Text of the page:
When people say their wedding vows, "until death do us part" is one of the most significant lines. It means that the partnership should last for a lifetime. However, there are also important lines about preserving the relationship in times of poverty as well as financial stability, and in times of health as well as illness.
Sadly, not everybody follows through with that particular vow to their spouse. While infidelity or falling out of love often play roles in the end of a marriage, chronic illness can also contribute to the demise of a relationship.
Some spouses simply can't tolerate the idea of spending their future with an individual who has compromised health or mobility. Others feel like an illness means their spouse no longer contributes enough to the family. This can lead to bitterness, resentment and eventually divorce.
Some people resent the expectation to serve as caretaker
When people become ill enough to rely on others for the daily necessities of life, such as self-care, they often turn to their spouse as a source of that support. Not everyone has the emotional tenacity and patience to serve as a caregiver for someone who is chronically ill.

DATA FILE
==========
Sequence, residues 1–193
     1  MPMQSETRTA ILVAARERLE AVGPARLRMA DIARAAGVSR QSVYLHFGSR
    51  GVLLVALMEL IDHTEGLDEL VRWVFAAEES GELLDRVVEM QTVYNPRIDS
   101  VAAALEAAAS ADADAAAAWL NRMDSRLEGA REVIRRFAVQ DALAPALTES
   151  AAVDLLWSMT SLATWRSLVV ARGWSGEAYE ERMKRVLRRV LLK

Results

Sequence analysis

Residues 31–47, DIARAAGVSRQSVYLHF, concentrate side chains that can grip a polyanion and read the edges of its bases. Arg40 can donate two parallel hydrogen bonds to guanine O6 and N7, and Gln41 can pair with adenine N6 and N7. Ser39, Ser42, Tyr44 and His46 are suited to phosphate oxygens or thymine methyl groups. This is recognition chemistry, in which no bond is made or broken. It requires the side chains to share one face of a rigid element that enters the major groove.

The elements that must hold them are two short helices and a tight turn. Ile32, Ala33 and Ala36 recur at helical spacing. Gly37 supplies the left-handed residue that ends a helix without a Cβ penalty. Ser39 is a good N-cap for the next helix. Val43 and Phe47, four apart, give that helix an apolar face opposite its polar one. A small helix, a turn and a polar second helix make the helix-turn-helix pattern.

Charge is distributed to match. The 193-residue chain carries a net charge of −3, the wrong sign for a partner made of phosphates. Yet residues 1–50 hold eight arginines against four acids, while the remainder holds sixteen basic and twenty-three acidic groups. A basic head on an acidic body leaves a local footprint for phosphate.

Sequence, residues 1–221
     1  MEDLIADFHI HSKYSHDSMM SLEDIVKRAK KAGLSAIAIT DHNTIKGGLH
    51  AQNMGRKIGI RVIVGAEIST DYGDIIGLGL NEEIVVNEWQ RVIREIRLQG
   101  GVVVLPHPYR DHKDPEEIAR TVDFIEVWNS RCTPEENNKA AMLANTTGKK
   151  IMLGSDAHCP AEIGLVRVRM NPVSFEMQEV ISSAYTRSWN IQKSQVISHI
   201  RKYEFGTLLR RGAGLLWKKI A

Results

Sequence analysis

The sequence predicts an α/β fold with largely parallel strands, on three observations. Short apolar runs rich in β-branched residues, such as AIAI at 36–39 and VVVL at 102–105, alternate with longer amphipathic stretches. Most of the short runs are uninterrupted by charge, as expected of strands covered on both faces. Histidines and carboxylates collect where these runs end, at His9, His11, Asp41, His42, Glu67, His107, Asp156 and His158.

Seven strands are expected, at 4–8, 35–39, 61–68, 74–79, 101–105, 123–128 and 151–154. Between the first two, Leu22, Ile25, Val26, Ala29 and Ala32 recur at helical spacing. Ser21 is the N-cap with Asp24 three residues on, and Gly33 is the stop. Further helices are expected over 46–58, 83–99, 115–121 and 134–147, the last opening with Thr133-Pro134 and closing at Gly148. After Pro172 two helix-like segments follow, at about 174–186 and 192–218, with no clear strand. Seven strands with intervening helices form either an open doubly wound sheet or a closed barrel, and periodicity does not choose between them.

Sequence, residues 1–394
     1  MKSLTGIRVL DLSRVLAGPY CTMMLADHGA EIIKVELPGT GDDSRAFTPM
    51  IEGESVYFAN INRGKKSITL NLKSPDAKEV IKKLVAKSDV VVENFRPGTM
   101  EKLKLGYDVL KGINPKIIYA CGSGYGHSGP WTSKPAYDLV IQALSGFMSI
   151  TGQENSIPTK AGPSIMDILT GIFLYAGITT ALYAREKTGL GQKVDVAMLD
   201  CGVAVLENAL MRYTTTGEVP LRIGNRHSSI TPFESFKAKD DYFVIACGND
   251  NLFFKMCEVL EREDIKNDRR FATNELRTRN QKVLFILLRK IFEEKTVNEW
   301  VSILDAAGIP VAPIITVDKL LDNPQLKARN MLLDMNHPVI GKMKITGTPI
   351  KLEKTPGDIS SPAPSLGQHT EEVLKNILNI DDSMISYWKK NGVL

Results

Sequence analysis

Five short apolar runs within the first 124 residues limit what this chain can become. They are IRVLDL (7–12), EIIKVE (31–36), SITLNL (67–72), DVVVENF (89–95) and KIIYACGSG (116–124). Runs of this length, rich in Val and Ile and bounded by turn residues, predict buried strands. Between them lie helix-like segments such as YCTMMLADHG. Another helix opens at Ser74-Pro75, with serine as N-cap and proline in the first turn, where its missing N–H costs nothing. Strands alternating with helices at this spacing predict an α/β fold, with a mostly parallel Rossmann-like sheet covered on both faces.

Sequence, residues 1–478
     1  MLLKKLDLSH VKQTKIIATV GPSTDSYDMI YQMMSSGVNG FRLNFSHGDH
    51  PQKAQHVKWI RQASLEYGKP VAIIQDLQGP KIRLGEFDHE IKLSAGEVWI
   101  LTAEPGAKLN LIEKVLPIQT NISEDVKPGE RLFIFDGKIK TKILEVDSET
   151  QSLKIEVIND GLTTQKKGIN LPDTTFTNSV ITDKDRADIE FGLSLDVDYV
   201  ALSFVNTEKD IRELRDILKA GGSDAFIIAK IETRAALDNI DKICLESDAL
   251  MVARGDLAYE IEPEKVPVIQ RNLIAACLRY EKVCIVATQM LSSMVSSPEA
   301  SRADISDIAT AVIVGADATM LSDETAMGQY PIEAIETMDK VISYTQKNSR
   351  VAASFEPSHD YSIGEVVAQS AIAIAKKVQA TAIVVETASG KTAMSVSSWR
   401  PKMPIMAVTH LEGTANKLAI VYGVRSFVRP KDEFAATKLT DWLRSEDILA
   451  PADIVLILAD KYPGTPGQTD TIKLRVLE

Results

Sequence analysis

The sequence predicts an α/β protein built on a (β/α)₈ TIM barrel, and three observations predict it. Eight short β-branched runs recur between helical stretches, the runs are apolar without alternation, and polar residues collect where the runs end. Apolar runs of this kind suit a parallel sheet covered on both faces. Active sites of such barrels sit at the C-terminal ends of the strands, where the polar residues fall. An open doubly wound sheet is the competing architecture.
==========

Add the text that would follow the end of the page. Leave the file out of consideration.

They may become angry about the demands on their time or may simply not have the skill set necessary to provide a decent standard of living for someone with compromised health. In fact, some spouses strongly believe that if they married someone healthy, that is the relationship they agreed to.
If an illness becomes an issue later in life, the spouse without health issues may feel that it is not something they signed up for when they got married. This can lead them to look for a solution, which is often divorce.
Health issues are a leading cause of divorce
When one spouse becomes chronically ill, it inevitably impacts the health of the relationship as well. Chronic health problems, ranging from degenerative diseases to cancer, can place a lot of strain on a marital relationship. The spouse in better health may be angry about the lack of contributions made by the spouse suffering from the illness.
They may also feel like they no longer have a partner, but rather another obligation or responsibility. For the individual who is sick, they may be so consumed by their own daily experiences of the illness that they no longer have the energy to focus on maintaining a healthy and happy marriage.
Whether you worry that your spouse may divorce you because of a chronic illness or think it may be time to end your marriage, the first step should always be discussing the issue with an experienced family law attorney. Knowing your rights and obligations in Colorado, as well as the likely financial consequences of a divorce, can help you make an informed decision about the future of your marriage.